What happened to the money so bequeathed to captives? Many wills, like those of Arnau de Castanyer of Lérida (March 29, 1249) and Ramon Ferrer de Marí of Barcelona (April 24, 1277) leave the distribution of funds to the discretion of executors, who are instructed to give the money to captives of their acquaintance.(71) The funds could also be given to a monastery or to a caritative institution of some sort. In 1198, for example, Guillem de Granada left an endowment to the monks of Poblet for use in alternating years to clothe the poor and to ransom captives.(72) Or, in 1172 or 1173 Guillem Colrat bequeathed ten morabetins to a confraternity of captives, presumably to a caritative association of some type that specialized in this work.(73) Since most of the bequests were small in amount (a sampling from the cathedral archives of Barcelona shows amounts between 5 and 100s.),(74) an individual gift would frequently not suffice for a single ransoming.(75) Consequently, to be effective most bequests would have to be pooled. Indications are that this was done by the local bishop, who, as the chief local dispenser of alms, assumed this responsibility for aiding captives. Only a few wills actually mention this episcopal role,(76) but other evidence suggests its existence. Archbishop Benet de Rocabertí of Tarragona, for example, acknowledged in 1256 that he and his predecessors had been collecting and dispensing ransoming bequests.(77) What little evidence we have suggests that the bishop himself had nothing to do with ransoming directly, but instead turned money over to a captive's family, which then became responsible for negotiating the release. This is at least the impression gained from the contracts signed in 1244 between Bernat Gras and, among others, the chaplain of Tarragona. The former was given 200s. as the ransom price of a captive to be freed from Almería, on the condition that the money be returned if not actually used.(78)
In the thirteenth century, in much the same manner that the old cathedral alms hospitals came to be supplanted by new caritative institutions, episcopal redemptionism was replaced in the main by the work of the new orders. Urban growth, perhaps a higher level of caritative consciousness, and certainly the bishop's own increasing institutional responsibilities meant that the local organization of charity was no longer entirely within his limited capabilities. Thus, there arose alongside the new hospitaller orders of St. Anthony, the Holy Spirit, Roncesvalles, Aubrac, and others, the redemptionist orders of the Holy Trinity and of Santa Eulàlia of Barcelona. The former, founded by John de Matha at Cerfroid, northeast of Paris, was approved by Pope Innocent III in 1198, and its members came to  work as hospitallers and as ransomers in thirteenth-century France and Spain.(79) In Catalonia, Trinitarians can be documented at Lérida as early as 1212 and as ransomers here by 1217.(80)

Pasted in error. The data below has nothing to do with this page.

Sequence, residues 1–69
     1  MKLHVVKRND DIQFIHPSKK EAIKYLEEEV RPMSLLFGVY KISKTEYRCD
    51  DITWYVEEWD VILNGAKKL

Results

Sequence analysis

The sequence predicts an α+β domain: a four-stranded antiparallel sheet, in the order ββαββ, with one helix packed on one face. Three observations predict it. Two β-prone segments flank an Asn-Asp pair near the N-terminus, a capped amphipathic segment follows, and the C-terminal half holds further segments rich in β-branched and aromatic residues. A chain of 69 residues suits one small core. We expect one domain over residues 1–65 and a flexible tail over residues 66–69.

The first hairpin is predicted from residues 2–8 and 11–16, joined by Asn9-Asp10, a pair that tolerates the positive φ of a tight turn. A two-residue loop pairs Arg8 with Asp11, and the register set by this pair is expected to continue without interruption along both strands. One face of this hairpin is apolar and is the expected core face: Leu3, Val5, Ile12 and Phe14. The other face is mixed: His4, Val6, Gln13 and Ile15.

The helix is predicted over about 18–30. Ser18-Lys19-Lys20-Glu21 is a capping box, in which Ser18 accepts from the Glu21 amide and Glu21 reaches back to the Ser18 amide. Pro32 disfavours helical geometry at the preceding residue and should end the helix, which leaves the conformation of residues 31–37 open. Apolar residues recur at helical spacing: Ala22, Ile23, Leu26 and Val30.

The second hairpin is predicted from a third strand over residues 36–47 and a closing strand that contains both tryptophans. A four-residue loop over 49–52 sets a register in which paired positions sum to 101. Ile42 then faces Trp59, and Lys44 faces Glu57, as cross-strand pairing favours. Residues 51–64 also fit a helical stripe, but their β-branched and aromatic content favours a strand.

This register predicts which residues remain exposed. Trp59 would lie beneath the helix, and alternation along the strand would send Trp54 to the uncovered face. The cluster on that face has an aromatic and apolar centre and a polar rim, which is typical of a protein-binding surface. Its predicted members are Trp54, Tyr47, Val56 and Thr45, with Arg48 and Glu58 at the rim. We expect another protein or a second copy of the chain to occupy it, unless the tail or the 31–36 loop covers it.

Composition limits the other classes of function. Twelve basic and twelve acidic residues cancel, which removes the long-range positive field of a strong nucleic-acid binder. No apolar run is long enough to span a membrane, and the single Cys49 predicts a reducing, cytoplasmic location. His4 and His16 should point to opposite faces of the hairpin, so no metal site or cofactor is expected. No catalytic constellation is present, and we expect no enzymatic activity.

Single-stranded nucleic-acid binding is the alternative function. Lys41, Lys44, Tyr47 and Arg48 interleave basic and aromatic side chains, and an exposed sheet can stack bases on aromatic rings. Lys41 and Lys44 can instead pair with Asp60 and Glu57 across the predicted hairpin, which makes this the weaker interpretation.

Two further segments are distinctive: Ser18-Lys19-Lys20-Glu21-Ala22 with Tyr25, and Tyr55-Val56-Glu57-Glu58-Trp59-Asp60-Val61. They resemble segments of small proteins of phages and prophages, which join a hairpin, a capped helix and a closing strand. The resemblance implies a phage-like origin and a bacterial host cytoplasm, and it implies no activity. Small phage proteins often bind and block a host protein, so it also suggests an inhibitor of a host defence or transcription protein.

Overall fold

The Order of Trinity would never become as important in Catalonia-Aragon, however, as it was in medieval Castile, where major foundations were quickly established at Burgos, Toledo, and Segovia. Its failure to win parallel support in the eastern realms may reflect a certain animus on the part of the House of Barcelona toward the Order's Gallic roots. In any case, when captivity again became a critical concern here as a consequence of the reconquest's renewal by the ambitious Jaume the Conqueror, there existed in Catalonia-Aragon no well-established redemptionist order.
1. Ibn Khaldun, Histoire des Berbères et des dynasties musulmanes de l'Afrique septentrionale, ed. Paul Casanova and Henri Pérès, trans. William MacGuckin, baron de Slane (Paris, 1925-56), 3: 116-17.
2. For a good summary of the reconquest, see Charles Julian Bishko, "The Spanish and Portuguese Reconquest, 1095-1492," in A History of the Crusades, vol. 3: The Fourteenth and Fifteenth Centuries, ed. Harry W. Hazard (Madison, 1975), 396-456.
3. Ambrosio Huici Miranda, Historia política del imperio almohade (Tetuán, 1956-57), 1:368.
4. Chronica Adefonsi Imperatoris, ed. Luis Sánchez Belda (Madrid, 1950), 109, 85.
5. Ibid., 79, 102.
6. lbn Khaldun, 2:204.
7. Huici Miranda, Imperio almohade, 1: 286.
8. lbn Khaldun, 2: 213; Roudh el-Kartas [lbn Abi Zar' al-Fasi], Histoire des souverains du Maghreb, trans. M. Beaumier (Paris, 1860), 307-8.
9. José María Lacarra, "Documentos para el estudio de la reconquista y repoblación del valle del Ebro (segunda serie)," Estudios de edad media de la Corona de Aragón 3 (1947-48): 515.
10. Jaime Villanueva, Viage literario á las iglesias de España (Madrid and Valencia, 1803-52), 15:215.
11. Pedro Marfilo, Historia de la corona de Aragón ... conocida generalmente con el nombre de Crónica de San Juan de la Peña, ed. Tomás Ximénez de Embrun (Saragossa, 1876), 124-25.
12. Pero Marín, "Miraculos romanzados," in Viday milagros del thaumaturgo español Moysées segundo, redemptor de cautivos, abogade de los relices partos, Sto. Domingo Manso, abad benedictino, reparados del real monasterio de Silos, ed. Sebastián Vergara (Madrid, 1736), 136, 150-51, 164-65.
13. Chronica Adefonsi, 85.
14. Marín, "Miraculos," in Vergara, Vida y milaqros, 161, 154.
15. lbn Khaldun, 3:116-17.
16. Josep Blanch, Arxiepiscopologi de.santa eglésia metropolitana i primada de Tarragona, ed. Joaquín Icart (Tarragona, 1951), 1:112-13.